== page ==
Below is an excerpt from an op-ed by Mike Brand just published by IRIN:
“There are no opportunities for youth here,” said Yar, a 20-year-old South Sudanese refugee from Jonglei, stuck in the Nyumanzi refugee settlement in northern Uganda.
Her words were echoed in conversations I had throughout my two-week visit to the settlements.
Since war broke out in South Sudan in December 2013, approximately four million people, one third of the fledgling nation’s population, have been forced to flee their homes.
Today, half of those who’ve fled are living as internally displaced persons in South Sudan, and the other half have become refugees in neighbouring countries, especially Uganda.
Uganda now hosts more than one million South Sudanese refugees and more cross the border every day, fleeing violence, insecurity, and drastic food shortages in their native country.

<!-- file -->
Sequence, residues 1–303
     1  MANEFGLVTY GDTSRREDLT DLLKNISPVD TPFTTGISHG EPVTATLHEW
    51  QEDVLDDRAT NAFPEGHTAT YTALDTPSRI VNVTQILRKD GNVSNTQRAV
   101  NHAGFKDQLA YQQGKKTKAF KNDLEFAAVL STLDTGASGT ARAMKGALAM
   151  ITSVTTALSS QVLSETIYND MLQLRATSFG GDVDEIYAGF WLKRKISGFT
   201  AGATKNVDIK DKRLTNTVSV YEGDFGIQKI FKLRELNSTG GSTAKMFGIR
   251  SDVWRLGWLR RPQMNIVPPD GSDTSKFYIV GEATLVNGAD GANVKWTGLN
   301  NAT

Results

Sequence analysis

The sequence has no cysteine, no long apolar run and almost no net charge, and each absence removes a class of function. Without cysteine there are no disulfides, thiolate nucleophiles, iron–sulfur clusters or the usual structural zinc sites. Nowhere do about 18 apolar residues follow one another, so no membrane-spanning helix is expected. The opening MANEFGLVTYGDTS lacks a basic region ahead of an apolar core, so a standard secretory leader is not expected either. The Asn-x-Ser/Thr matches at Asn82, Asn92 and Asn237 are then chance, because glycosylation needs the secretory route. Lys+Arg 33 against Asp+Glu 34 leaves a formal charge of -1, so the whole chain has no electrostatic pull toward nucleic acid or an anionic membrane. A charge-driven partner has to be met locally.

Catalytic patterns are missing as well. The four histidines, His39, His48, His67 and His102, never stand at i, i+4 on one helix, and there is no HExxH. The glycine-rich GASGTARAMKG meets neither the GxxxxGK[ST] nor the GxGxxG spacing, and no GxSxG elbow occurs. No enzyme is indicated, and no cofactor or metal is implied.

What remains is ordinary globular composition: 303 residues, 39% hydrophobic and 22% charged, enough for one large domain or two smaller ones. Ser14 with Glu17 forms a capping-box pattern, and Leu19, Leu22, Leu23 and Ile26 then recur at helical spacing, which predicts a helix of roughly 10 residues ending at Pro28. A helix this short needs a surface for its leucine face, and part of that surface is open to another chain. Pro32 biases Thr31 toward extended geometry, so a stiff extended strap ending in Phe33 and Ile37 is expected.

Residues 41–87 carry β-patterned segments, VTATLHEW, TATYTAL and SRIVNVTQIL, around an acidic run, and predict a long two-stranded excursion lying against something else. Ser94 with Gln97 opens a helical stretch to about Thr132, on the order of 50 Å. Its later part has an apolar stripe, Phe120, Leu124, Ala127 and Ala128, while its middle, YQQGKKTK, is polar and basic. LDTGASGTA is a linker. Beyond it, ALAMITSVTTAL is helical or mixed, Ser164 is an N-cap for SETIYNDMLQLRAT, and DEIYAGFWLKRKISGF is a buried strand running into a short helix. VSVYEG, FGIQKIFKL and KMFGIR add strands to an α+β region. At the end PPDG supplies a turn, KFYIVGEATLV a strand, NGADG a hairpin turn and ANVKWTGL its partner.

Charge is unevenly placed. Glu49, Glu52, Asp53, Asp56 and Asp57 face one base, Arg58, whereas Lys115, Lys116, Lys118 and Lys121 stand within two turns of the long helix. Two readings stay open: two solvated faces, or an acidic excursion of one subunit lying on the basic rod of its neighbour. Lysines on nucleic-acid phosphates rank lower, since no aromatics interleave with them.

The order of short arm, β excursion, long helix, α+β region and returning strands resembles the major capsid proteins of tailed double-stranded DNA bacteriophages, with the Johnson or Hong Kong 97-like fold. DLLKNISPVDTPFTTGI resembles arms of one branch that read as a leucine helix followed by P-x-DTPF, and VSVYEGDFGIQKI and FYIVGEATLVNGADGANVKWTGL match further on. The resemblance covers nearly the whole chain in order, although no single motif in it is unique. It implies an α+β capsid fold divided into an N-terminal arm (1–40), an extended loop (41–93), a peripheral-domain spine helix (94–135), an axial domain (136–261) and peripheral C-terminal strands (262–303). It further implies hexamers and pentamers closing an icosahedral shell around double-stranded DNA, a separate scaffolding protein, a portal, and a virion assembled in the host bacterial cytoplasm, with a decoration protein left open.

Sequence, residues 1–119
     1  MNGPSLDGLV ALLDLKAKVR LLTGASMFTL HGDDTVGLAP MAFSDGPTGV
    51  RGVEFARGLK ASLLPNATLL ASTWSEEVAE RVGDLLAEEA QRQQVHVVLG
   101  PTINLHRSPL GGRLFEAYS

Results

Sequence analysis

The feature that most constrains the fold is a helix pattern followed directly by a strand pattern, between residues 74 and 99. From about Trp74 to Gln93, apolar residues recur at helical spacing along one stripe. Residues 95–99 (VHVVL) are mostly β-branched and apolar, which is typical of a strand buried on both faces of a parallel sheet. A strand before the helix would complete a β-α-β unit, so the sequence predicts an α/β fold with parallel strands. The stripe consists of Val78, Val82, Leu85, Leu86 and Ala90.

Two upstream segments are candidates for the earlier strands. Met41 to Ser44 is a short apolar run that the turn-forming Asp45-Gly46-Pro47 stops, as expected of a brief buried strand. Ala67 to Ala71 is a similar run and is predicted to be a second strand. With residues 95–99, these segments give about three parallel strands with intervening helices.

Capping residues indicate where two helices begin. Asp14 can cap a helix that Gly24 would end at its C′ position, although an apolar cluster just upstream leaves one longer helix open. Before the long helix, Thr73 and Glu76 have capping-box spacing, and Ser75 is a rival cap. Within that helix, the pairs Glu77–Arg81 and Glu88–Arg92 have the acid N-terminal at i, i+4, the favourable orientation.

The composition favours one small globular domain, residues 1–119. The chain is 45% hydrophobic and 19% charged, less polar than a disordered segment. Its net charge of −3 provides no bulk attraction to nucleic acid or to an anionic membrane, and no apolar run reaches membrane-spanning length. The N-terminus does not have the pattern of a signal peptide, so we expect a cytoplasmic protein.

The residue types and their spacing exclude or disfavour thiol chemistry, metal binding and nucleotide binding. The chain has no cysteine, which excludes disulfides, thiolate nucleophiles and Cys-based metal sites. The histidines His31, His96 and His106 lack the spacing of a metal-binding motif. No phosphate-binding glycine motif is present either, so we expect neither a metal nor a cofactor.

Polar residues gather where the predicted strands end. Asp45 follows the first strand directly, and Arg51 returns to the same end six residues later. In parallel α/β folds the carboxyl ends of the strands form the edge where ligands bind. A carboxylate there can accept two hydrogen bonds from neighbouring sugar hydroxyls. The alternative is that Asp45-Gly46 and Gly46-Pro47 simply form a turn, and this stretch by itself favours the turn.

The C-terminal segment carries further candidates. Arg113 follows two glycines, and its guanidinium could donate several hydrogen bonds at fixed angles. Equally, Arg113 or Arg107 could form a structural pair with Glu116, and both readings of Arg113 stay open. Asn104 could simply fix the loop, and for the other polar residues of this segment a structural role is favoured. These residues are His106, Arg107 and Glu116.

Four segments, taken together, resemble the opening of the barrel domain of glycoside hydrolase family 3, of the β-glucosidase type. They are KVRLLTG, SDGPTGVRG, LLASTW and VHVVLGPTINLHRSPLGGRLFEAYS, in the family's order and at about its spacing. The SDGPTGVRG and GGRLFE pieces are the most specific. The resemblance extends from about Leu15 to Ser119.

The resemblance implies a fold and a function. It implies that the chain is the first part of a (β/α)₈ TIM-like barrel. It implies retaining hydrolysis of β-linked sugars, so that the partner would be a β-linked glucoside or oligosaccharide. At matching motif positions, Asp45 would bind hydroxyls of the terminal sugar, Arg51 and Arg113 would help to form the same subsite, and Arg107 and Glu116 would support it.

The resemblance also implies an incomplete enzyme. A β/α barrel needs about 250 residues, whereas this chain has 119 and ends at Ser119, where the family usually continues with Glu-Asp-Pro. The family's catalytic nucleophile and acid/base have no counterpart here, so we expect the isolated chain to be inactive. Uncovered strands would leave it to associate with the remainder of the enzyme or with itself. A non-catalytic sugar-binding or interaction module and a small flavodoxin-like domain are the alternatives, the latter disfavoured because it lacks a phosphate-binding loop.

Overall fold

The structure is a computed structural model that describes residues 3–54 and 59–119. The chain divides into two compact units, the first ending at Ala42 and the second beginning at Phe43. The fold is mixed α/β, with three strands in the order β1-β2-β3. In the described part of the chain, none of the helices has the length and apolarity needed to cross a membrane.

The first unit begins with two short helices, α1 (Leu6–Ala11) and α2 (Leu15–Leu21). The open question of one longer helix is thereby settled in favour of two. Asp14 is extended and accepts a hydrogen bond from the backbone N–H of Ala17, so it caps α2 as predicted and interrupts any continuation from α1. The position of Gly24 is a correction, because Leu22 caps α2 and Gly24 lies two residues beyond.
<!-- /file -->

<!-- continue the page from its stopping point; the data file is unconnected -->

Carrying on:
Yar arrived in Uganda in 2014. She lost most of her family in the war and is now living alone in the refugee settlement, without much hope for the future.
“There is no opportunity for youth to study in secondary school or to get jobs,” she told me. “Young people are just sitting around doing nothing.”
The issue of youth idleness was a recurring theme in nearly all my conversations: with refugees, NGO representatives, the UN refugee agency, UNHCR, and the Office of the Prime Minister, or OPM, which coordinates the refugee response in Uganda.
Approximately 61 percent of the South Sudanese refugee population in Uganda is under the age of 18. With no signs of South Sudan’s ethnically driven civil war ending anytime soon, some refugees could be displaced for 10 to 20 years, or more.